Known for its tasty and healthy snacks, Mrs. May’s Naturals was founded in late 2002 by company president Augustine Kim and his brother Michael. Inspired by their grandmother’s delicious snack recipe, the Kims decided to start their own food line.
Success did not come easily, however, with Augustine describing their first year as tough. But despite its early struggles, Mrs. May’s persisted and the company’s efforts eventually paid off. Initially only available at health food stores, Mrs. May’s products can now be found at Costco, Wal-Mart, and Sam’s Club, as well as in other countries such as Australia, Mexico, Canada, and the Philippines.
What possibly saved Mrs. May’s from going belly up was Augustine’s idea of moving the company’s manufacturing to China, where efficient labor can be acquired inexpensively. According to vice president of sales James Kim, the monthly cost of hiring 50 employees in China for the local going rate is equivalent to one person’s salary in the United States. And while the phrase “made in China” may conjure up thoughts of poor working conditions for some, Augustine states that their factory is very clean and that China is not considered a cheap country anymore. Today, all Mrs. May’s snacks are processed in a purpose-built, company-operated production facility.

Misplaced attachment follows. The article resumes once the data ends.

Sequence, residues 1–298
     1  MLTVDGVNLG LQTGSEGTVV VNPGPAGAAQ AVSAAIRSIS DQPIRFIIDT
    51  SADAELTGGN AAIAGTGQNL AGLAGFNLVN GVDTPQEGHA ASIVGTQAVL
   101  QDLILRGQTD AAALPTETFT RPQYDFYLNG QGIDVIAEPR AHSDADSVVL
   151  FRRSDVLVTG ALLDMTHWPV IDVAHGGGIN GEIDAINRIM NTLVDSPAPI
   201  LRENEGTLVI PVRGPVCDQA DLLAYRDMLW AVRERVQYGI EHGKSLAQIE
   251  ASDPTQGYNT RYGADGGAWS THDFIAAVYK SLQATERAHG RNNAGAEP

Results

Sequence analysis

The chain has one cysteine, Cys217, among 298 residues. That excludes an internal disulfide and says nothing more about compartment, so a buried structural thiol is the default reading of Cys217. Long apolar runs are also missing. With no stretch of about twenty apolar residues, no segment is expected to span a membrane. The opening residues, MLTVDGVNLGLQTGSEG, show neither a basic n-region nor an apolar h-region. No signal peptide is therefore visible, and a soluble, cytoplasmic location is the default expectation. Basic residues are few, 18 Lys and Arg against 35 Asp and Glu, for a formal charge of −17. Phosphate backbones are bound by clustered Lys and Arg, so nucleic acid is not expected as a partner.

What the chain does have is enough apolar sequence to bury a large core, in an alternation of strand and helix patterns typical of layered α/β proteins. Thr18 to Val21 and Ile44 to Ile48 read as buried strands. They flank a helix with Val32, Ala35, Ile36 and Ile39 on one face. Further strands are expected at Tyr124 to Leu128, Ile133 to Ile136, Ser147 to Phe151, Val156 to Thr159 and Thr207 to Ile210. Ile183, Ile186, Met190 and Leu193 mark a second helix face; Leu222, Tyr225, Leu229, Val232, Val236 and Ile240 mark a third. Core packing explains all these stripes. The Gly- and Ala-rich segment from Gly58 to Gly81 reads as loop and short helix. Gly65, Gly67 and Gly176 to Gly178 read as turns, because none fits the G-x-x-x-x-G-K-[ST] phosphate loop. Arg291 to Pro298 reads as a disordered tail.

Because the brand is committed to offering snacks that are both natural and nutritious, all Mrs. May’s products are vegan and free of cholesterol, gluten, dairy, wheat, and preservatives. In addition to the original seed and nut crunches, Mrs. May’s now also makes freeze dried fruit chips and chocolate rounds, among others. Certified by the British Retail Consortium (BRC) and the Hazard Analysis Critical Control Point system (HACCP), the company uses only the best ingredients from local and global sources. Moreover, all finished products undergo salmonella, microbiology, and aflatoxin testing to ensure their quality.
Aside from churning out wholesome treats, Mrs. May’s also gives back to the community by supporting various organizations, including Wheels for the World, Food for Hunger, and the Celiac Sprue Association.